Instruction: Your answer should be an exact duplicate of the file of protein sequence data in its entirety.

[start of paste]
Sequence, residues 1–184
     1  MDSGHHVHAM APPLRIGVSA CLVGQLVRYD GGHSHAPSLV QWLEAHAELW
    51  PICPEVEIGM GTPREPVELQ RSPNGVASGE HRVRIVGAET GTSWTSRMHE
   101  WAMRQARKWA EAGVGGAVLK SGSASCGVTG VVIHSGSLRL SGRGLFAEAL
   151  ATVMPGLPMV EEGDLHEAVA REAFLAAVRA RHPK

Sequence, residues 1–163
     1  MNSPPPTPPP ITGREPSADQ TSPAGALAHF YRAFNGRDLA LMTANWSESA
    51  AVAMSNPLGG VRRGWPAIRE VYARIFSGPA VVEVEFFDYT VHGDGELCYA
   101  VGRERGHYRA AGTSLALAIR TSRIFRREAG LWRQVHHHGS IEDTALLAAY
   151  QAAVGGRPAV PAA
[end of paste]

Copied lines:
Sequence, residues 1–184
     1  MDSGHHVHAM APPLRIGVSA CLVGQLVRYD GGHSHAPSLV QWLEAHAELW
    51  PICPEVEIGM GTPREPVELQ RSPNGVASGE HRVRIVGAET GTSWTSRMHE
   101  WAMRQARKWA EAGVGGAVLK SGSASCGVTG VVIHSGSLRL SGRGLFAEAL
   151  ATVMPGLPMV EEGDLHEAVA REAFLAAVRA RHPK

Sequence, residues 1–163
     1  MNSPPPTPPP ITGREPSADQ TSPAGALAHF YRAFNGRDLA LMTANWSESA
    51  AVAMSNPLGG VRRGWPAIRE VYARIFSGPA VVEVEFFDYT VHGDGELCYA
   101  VGRERGHYRA AGTSLALAIR TSRIFRREAG LWRQVHHHGS IEDTALLAAY
   151  QAAVGGRPAV PAA